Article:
Last July, while I was enjoying my blog hiatus, the long-awaited government response to the economic meltdown of 2008 was passed into law by the President. It was a 2,300 page bill, called, the Dodd-Frank Act.
This legislation calls for the establishment of a new federal agency: the Consumer Financial Protection Bureau. The Seattle Times wrote: "This new agency is intended to protect the interests of the average Joe. Housed in the Federal Reserve, it is designed to protect consumers from predatory lending, hidden credit-card fees and the like."
The Dodd-Frank Act has been called, "the most sweeping financial reform since the Great Depression." It not only addresses the $615 trillion-dollar over-the-counter "dark market" of derivatives, but other financial concerns, such as mortgage practices, credit-card fees and car loans. For a brief summary of the law's main points, see http://www.politifact.com/truth-o-meter/promises/promise/422/create-new-financial-regulations/.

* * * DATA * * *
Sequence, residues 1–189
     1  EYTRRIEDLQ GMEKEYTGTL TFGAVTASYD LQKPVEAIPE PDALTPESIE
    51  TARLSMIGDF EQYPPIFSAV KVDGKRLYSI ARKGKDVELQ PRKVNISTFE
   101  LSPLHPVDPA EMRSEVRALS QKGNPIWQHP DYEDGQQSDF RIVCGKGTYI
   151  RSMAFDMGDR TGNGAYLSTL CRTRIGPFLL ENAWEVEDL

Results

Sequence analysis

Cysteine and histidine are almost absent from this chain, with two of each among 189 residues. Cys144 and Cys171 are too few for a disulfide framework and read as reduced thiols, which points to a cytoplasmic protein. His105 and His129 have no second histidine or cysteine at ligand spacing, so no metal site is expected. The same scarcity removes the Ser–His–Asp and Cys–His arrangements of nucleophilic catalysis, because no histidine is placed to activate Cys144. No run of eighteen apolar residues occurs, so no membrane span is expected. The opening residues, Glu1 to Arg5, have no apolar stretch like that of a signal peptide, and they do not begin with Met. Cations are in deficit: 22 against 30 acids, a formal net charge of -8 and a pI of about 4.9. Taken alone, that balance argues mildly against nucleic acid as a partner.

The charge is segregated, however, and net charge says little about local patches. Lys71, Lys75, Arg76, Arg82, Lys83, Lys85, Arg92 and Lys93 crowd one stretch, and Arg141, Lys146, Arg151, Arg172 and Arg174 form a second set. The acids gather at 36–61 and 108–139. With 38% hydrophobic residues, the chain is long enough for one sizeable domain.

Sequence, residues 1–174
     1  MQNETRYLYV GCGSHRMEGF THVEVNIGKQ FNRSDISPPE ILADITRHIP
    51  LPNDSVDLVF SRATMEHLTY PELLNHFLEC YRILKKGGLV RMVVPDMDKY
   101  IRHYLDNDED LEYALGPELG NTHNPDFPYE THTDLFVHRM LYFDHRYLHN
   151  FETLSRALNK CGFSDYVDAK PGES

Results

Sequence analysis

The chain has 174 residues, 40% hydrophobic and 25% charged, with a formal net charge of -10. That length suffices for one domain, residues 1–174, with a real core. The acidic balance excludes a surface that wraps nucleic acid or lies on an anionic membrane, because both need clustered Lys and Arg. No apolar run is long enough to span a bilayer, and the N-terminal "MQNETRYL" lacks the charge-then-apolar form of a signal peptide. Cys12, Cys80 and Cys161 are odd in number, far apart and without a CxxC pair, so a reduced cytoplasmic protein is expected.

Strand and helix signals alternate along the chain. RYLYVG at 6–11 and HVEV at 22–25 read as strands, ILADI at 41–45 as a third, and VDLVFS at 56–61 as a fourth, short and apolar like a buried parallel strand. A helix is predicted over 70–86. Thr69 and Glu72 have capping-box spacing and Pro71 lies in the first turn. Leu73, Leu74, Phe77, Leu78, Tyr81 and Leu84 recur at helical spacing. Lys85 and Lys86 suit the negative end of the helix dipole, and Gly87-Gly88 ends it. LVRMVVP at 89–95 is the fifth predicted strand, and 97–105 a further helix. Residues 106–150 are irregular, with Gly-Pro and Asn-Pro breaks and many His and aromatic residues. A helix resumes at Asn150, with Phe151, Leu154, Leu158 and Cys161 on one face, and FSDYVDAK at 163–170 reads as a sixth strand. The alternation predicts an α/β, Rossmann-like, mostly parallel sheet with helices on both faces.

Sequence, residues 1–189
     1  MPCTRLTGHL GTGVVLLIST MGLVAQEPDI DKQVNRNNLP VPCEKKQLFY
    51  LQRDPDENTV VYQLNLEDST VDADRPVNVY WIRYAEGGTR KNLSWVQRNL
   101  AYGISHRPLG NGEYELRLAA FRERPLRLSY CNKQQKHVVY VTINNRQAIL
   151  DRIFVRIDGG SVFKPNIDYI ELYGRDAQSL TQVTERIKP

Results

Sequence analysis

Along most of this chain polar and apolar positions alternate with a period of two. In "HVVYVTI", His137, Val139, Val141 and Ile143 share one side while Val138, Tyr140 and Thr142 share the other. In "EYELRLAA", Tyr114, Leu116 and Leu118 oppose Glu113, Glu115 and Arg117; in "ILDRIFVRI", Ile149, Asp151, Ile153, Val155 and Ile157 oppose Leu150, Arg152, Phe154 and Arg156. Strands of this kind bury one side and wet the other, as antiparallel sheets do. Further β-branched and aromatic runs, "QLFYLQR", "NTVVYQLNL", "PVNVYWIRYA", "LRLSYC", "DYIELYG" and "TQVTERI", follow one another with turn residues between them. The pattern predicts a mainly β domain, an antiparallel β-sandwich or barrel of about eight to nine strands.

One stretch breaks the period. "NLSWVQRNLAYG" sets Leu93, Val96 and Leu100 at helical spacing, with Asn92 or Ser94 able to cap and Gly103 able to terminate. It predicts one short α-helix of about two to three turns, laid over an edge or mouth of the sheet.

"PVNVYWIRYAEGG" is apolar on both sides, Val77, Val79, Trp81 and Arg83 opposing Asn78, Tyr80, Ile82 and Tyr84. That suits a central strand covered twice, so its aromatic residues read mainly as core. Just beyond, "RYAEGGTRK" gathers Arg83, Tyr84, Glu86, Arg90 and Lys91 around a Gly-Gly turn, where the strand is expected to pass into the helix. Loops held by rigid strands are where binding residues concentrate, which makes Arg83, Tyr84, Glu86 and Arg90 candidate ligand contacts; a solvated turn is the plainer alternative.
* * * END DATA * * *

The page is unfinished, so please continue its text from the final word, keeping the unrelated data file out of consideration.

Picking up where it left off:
Some people feel the new law does not go far enough, while others feel it goes too far. That's what debate is all about.
In principle, I am not opposed to government oversight in areas that affect the health and well-being of the general public. As mentioned last week, one of God's purposes for civil government, according to Romans 13, is to reward those who do good and punish those who do evil. This is necessary in a fallen world.
But will the 2010 financial reform act keep us from experiencing future meltdowns?
Senator Christopher Dodd, co-sponsor of the bill, proclaimed: "I regret I can't give you your job back, restore that foreclosed home, put retirement monies back in your account. What I can do is to see to it that we never, ever again go through what this nation has been through."
Never, ever again? No doubt the shapers of post-Depression financial reform had similar thoughts.
Yes, I think the new laws may help solve some problems. They may cause others. But there are things laws cannot fix.
Not even God's laws can change the human heart.
To be continued...